Contemporary Issues Paper: The Exclusionary Rule Jennifer Howell November 6, 2010 The Exclusionary Rule and Its Exceptions Introduction: The Exclusionary Rule The Fourth Amendment to the Constitution of the United States protects citizens from unreasonable searches and seizures by law enforcement personnel. (US Const. amend.
IV) Though the Amendment “forbids unreasonable searches and seizures, it does not provide a mechanism for prevention or a remedy. (Jackson, 1996) After passage of the Fourth Amendment, courts began to make laws regarding the rule against unreasonable searches and seizures.
The courts designed a rule known as the Exclusionary Rule, which provided a remedy for the violation of a suspect’s Fourth Amendment privileges: any evidence seized in violation of the suspect’s rights and protections may not be used against the suspect in a criminal prosecution. The courts have been working and refining the exclusinary rule since its introduction in the 1900’s. (Exclusionary Rule, n. . ) The first case that applied the exclusionary rule was the case of Weeks v. United States, 232 U. S. 393, in which the Supreme Court “held that the Fourth Amendment barred the use of evidence secured through a warrantless search. ” (Exclusionary Rule, n. d. ) The exclusionary rule requires an illegal action by a police officer or agent of the police, evidence secured as a result of the illegal action, and a “casual connection between the illegal action and the evidence secured. ” (Evaluation, n. d. ) Exceptions to the Exclusionary Rule
Since the introduction of the exclusionary rule, courts have found that it can not be enforced across the board, and have carved out a number of exceptions. These are: * The Impeachment Exception This exception allows the Government to offer illegally-seized evidence on cross-examination of the defendant to impeach the defendant after the defendant takes the stand and perjures himself. It should be noted that the exception applies only to the testimony of the defendant, and not to any other witnesses. * The Independent Source Exception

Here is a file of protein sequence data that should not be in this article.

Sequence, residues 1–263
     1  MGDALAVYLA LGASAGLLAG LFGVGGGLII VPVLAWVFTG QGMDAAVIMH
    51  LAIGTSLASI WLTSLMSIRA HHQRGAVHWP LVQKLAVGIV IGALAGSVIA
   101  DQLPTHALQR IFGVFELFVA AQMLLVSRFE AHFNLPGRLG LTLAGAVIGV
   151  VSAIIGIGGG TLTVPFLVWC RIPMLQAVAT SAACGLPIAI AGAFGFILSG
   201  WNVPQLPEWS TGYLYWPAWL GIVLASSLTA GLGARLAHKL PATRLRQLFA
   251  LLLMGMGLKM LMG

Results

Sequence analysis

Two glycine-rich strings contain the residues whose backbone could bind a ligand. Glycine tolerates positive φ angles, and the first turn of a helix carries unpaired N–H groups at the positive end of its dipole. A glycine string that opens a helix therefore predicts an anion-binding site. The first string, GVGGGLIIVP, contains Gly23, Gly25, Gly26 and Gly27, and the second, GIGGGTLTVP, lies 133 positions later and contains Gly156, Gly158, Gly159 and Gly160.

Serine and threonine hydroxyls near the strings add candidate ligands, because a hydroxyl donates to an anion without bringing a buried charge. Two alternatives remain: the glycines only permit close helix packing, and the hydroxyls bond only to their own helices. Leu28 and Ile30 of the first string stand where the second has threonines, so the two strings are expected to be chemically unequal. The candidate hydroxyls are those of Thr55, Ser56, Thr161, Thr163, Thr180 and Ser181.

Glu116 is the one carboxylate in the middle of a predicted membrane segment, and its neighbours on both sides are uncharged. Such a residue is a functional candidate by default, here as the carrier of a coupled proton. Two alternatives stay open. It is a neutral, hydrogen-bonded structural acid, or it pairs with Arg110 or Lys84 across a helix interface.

This exception is a way of protecting the government’s case when the evidence was found “through an independent source sufficiently distinguishable to be purged of the primary taint. ” (Jackson, 1996) That is, the evidence was seized not only illegally, but also legally. * The Inevitable Discovery Exception The inevitable discovery exception was established to allow the admission of illegally-seized evidence that, though it was discovered unlawfully and in violation of the Fourth Amendment, would have inevitably been discovered anyway, through lawful means. The Good Faith Exception When an officer acts on a search warrant and discovers evidence, and the search warrant is later determined to be invalid, the evidence can still be used as long as the officers acted in good faith that the warrant was valid at the time of its execution. This exception was developed because the purpose of the exclusionary rule was not designed to punish the errors of judges and magistrates, but to deter police misconduct. (Exclusionary Rule, n. d. ) * The Harmless Error Exception